“Jess, I see something down there in the hall.” Rebecca said, tightening her grip on her machete.
“I got this.” Rebecca said as she moved forward.
“I’d say that would have been a hole in one, right there.” I joked. Surprisingly that was the only walker that we saw in that hallway. We made it to a set of stairs.
“Rebecca and Jess, squirrel, and we are at the stairs.” I paused for a minute.
Something just didn’t feel right about how quickly we had gotten to the stairs, we had one run in with a walker, and that was it? “We are heading up.” I put the walkie talkie back in my pocket and Rebecca, Luna and I started making our way up the stairs. I just had this horrible feeling that we were about to encounter something horrible…I mean how could we have gotten to the stairs so fast? There had to be a reason why there weren’t more walkers scavenging for food around here. We made it to the top of the stairs and started walking down the hallway. We came to a door, and we pushed it open and walked through. We both froze.
“Oh my God”, Rebecca said.
I felt my eyes stinging with tears and I knew that there was no way I was going to be able to keep them from pouring down my face. Rebecca and I embraced one another and were both sobbing quietly. Then we heard a very soft and very tiny snarl.
We pulled away from each other and the tears fell even harder as we moved toward the sound. There it was, in an incubator. It probably wasn’t even a week old when it had been bitten. It was missing its whole left arm and part of its face had been scratched off. It snarled as loudly as it could which was barely louder than a whisper. Rebecca and I looked at each other with tear filled eyes and we knew what we had to do, but it was heart breaking. I lifted up my cast iron skillet over its tiny body and as I was about to bring it down to end its suffering we heard more tiny snarls. My heart shattered and I fell to my knees and wept. Rebecca crouched down and we tried to comfort each other, but it was the most heart wrenching thing we had ever witnessed.
Rebecca pulled me back to my feet and we looked around the room that was now filled with tiny growls and snarls. There were probably 20 infant walkers in incubators. Helplessly they all reached up hoping for something to satisfy their longing. Rebecca and I looked each other in the eyes and said at the same time, “They are not alive.” Almost as if we could read the other’s mind, we looked around the room, and knew what needed to be done. We had to end their suffering. I lifted my cast iron skillet over the first one we had come up to, and with the tears falling down my face, I brought it down. I heard and felt the sound of the skillet crushing the tiny body. Then I moved over the next incubator. Rebecca watched with tears flowing and then she stepped toward a snarling little body. She pulled up her machete and brought it down and ended its suffering. Our crying never ceased as we made our ways around the room, and before we knew it the room was silent. My hands were trembling as I looked around the room at the mangled and cut up bodies.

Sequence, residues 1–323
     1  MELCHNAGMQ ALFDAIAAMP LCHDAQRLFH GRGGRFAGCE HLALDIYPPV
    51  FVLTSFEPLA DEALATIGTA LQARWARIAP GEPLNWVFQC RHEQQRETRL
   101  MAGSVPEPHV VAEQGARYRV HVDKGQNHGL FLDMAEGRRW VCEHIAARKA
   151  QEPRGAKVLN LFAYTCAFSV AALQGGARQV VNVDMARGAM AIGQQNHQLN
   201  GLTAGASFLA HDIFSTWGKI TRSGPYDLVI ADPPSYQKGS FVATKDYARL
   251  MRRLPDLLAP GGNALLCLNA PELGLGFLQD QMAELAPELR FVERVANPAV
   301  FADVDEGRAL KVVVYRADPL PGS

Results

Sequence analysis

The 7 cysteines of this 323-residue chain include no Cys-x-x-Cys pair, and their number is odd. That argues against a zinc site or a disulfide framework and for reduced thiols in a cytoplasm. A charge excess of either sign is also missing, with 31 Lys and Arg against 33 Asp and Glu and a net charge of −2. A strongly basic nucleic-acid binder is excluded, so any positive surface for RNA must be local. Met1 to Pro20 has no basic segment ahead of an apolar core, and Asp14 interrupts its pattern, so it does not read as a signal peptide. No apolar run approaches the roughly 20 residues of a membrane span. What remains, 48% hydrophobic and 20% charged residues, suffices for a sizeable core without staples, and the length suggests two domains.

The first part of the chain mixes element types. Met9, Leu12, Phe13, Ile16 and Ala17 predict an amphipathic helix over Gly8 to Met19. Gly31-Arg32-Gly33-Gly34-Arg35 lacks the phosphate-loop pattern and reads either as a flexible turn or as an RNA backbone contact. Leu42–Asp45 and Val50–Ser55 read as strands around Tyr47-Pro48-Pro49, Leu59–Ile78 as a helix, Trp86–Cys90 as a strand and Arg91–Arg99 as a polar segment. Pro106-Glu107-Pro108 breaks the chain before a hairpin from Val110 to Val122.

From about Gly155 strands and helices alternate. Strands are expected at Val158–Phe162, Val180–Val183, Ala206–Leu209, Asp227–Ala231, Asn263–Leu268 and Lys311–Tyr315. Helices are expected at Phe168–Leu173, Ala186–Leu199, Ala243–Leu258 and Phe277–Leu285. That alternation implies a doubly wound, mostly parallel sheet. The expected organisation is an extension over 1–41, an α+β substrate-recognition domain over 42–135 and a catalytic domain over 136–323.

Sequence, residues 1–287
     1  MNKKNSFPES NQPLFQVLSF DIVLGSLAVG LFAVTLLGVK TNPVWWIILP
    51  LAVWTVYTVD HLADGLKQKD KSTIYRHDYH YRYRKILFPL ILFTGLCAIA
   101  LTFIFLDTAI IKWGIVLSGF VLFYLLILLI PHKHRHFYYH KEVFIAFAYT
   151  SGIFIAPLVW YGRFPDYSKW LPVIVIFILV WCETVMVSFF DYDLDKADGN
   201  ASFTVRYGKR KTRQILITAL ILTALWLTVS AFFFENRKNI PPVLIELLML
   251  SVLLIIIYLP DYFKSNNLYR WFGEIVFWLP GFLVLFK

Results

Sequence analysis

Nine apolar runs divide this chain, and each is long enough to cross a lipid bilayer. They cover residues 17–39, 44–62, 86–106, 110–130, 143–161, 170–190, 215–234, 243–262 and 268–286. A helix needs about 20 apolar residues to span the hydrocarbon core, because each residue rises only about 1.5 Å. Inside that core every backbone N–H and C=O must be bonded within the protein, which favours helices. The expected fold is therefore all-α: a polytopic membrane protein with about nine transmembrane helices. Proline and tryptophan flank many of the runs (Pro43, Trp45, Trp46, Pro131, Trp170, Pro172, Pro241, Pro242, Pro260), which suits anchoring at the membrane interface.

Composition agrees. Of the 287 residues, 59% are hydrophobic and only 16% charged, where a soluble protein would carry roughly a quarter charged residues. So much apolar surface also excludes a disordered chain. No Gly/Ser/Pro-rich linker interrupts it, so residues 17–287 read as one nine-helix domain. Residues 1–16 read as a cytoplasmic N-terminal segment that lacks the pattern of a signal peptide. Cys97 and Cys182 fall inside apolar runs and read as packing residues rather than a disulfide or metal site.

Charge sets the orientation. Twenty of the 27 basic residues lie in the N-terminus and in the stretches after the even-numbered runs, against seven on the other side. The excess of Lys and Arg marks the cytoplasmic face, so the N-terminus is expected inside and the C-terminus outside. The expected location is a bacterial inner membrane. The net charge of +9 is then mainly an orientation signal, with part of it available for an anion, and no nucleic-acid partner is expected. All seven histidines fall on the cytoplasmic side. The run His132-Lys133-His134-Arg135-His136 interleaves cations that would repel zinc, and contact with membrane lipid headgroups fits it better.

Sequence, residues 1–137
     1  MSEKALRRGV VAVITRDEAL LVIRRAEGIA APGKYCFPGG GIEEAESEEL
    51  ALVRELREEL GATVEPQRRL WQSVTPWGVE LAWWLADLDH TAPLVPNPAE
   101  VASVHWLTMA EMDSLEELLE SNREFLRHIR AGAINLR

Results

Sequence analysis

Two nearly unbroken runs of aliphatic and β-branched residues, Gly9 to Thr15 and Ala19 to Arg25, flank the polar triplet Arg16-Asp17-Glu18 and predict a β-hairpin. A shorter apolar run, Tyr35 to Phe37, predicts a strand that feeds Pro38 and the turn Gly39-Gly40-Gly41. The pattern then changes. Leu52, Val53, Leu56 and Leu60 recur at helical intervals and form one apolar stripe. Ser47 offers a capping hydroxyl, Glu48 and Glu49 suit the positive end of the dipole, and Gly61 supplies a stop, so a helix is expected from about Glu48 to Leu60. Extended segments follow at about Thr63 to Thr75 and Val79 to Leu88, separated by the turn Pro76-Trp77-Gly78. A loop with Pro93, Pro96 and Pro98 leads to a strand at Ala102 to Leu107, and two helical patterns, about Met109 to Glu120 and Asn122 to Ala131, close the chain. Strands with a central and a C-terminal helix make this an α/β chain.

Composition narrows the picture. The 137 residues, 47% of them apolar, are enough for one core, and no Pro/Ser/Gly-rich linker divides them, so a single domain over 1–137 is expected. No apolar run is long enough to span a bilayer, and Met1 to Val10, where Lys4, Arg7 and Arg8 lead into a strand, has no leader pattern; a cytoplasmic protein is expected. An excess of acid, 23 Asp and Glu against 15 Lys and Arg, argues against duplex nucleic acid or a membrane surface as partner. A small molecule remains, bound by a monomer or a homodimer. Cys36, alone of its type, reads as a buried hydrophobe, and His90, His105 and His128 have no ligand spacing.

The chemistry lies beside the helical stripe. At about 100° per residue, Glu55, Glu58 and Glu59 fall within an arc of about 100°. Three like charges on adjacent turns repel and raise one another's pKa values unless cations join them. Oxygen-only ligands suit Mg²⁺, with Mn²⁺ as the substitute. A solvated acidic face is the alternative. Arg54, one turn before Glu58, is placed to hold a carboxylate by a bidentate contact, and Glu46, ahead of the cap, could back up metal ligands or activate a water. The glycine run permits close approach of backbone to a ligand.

“We had to do it, Jess” Rebecca said, tears still flowing down her cheeks.
“I know, but…” my voice trailed off, and we heard a noise coming from the hallway.
We wiped the tears from our eyes and moved slowly toward the door that led to the hall. We pressed against the doors to listen and heard the shuffling of feet. Slowly I pulled the door open, and Rebecca, Luna and I slipped through into the hall. We stayed against the wall and moved slowly down the hall. I felt something grab and pull my leg, and I fell to the floor hard.
“Oh, crap!” I said as I felt a sharp pain in my side. I had fallen right onto my sword and it impaled me.
“Luna get it!” I said as I tried to kick at what was holding onto my leg. I heard Luna snarling and growling as she attacked my attacker. She bit into it and I could hear the flesh tearing. Then I heard the sickening crunch as her teeth bit down on its rotting skull, and the grip was released from my leg.
“Jess! Oh my gosh, are you ok?” Rebecca knelt down beside me.
“Yeah, just kinda stabbed myself.” I said feeling like a fool.
Rebecca reached into my backpack and found some first aid items to mend my wound.
“You’re going to have to do it.” I said.
Rebecca’s eyes widened as she looked at me, and she knew what I meant by that. I needed her to pull the sword out of my side. “Bite down on this” she said as she handed me a towel from my bag. I closed my eyes tightly as I felt her grip the handle of the sword. I pictured Moira. I saw her fighting off walkers. I saw her trapped in a room, with little to no provisions. I felt anger build up in me, I felt fear for her safety, and I felt no pain as Rebecca pulled the sword from my side. Rebecca quickly bandaged me up and helped me to my feet. We pressed on and came to some more stairs. I pulled the walkie talkie out of my pocket, “This is Rebecca and Jess, squirrel, and we are about to head up another set of stairs.”
I turned my flashlight on for a second to read the sign that was posted by the stairs.
It said: “Take these stairs to get to the 3rd, 4th, 5th, and 6th floors.” I left my flashlight shining on the words “6th floors”. I looked at Rebecca and she looked back at me.
“You ready for this?” I asked already knowing the answer.
“Hell yeah, I am!” she responded “Are you?”
“Here we come, Moira, here we come!” I said and we started up the long flight of stairs to the 6th floor.
Emma’s POV (With Apryl)
Excitement, apprehension, determination, and adrenaline flowed through each of us as we moved slowly through the darkened hospital. I tried to steady my frayed nerves and ordered myself to get a grip. The ability to think under the most pressing and overwhelming of situations was a specialty of the Purple Brigade, and I would have to be on top of my game for this mission. Even if I had forgotten my go-bag in my haste to get to the hotel. Luckily, Jess had remembered hers and so I had been able to receive a bit more information from the Purple Brigade leader, the Oracle.